Harmony & Amanda at Thailand: the outtakes, part 1
From Phuket we went to Bangkok. Nathan fell dreadfully ill. We wondered if he had caught an obscure bacterial infection from his one hour fish foot spa experience at Phuket. At the Damnoen Saduak floating market he summoned the energy to shop for tamarinds and other exotic items. I might describe his performance that morning as plucky, near-heroic — contact Nathan directly if you would like to see a photo of that hands-on shopping experience.
After being discharged from the hospital, and provisioned with a bagful of drugs and a diagnosis of flu, we proceeded to the other side of the Gulf of Thailand, taking a vehicular ferry across the open sea to Ko Chang. On this ferry I exhibited again the stunning visual effect (slimming) of vertical stripes.
Little did we know that our rakish tour of Thailand was rapidly turning into a hospital tour of Thailand. We would be on an emergency ferry ride off the island a mere 27 hours later, with Nathan unconscious and his family at Canada blissfully unaware of the severity of his illness. All those drugs he was taking for the flu? No effect. For he never had the flu. But more about that later.
While Nathan was bedridden at Ko Chang, we did some rakish shopping, fine dining, and enjoyed the great natural beauty of Ko Chang Marine National Park. Or, we enjoyed it as much as we could in the short time we had there, for Nathan went to the hospital at Ko Chang with a terrible rash and fever while I continued my quadracious training program by running from an elephant camp up a valley to a tropical waterfall. The prognosis at the hospital was grim. He would need to be transferred to the provincial hospital at Trat, so we packed our bags, checked out from the hotel, and rushed to catch the day's last ferry off the island.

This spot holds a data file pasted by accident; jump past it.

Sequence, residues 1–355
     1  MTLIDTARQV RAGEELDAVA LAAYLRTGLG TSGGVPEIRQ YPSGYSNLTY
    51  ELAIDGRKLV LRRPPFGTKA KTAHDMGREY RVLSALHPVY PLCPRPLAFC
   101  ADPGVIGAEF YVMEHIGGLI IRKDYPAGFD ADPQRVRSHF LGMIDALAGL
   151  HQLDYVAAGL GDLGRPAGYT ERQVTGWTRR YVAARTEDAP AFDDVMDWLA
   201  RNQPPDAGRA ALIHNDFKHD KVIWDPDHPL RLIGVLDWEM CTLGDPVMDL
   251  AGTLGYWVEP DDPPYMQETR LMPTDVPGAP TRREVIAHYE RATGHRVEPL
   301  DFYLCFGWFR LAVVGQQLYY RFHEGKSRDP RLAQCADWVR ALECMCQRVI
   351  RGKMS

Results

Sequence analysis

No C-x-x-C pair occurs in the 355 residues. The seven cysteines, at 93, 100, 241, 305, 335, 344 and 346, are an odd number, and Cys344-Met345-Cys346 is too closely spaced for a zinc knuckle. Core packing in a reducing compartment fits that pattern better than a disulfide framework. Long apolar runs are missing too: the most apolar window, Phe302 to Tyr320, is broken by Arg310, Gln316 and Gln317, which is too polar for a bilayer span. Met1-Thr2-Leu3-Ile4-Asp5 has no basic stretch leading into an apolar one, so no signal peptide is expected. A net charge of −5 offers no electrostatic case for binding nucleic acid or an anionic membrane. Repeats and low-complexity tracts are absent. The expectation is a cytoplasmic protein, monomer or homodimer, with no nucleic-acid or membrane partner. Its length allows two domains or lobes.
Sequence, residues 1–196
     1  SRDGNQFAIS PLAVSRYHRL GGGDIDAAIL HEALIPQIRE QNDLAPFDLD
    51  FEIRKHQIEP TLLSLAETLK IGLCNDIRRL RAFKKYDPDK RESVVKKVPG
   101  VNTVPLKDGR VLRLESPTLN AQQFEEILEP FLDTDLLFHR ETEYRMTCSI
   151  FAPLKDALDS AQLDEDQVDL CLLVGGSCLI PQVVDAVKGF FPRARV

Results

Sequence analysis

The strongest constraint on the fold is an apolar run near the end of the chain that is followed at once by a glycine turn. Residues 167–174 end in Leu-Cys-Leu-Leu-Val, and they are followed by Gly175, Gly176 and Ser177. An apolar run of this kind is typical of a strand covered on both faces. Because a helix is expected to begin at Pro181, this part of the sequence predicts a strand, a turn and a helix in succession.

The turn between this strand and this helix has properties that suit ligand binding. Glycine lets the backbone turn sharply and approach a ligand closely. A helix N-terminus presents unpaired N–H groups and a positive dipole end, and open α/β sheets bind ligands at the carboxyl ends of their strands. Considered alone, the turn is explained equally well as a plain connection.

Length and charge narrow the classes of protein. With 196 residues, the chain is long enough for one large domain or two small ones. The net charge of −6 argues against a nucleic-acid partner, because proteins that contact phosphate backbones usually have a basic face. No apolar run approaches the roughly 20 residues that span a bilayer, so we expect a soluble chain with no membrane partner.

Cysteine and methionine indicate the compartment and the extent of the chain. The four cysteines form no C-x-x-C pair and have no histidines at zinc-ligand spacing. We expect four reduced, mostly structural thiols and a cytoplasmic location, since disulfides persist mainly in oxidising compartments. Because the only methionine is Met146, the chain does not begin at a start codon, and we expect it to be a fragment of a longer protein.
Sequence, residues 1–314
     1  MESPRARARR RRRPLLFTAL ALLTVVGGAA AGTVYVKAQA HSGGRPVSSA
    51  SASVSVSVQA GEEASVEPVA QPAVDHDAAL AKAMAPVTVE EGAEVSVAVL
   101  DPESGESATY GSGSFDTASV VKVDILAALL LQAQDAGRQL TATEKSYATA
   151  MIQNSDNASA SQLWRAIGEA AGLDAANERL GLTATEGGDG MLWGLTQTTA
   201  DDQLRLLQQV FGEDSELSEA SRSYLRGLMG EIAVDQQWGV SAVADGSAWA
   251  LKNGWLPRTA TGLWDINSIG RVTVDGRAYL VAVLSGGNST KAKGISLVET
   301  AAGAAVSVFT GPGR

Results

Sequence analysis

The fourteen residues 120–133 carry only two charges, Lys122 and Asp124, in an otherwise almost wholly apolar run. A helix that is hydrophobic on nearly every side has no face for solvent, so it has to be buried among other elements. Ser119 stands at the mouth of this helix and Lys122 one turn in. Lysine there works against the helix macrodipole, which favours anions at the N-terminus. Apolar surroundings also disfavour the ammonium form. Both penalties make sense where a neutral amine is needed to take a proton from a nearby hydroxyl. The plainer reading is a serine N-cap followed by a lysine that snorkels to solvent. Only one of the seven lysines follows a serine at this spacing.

To make a long story short, Nathan was admitted to the hopsital at Trat and spent nearly 24 hours there. He was on supplemental oxygen and an intravenous solution. The doctor there found he did not have flu, but could not find the problem, and recommended that we transfer him to a hospital at Bangkok.
We did return to Bangkok, Nathan went to another hospital, was diagnosed with measles, and recovered. The aftermath of that recovery was documented comprehensively and will be shared in a forthcoming report.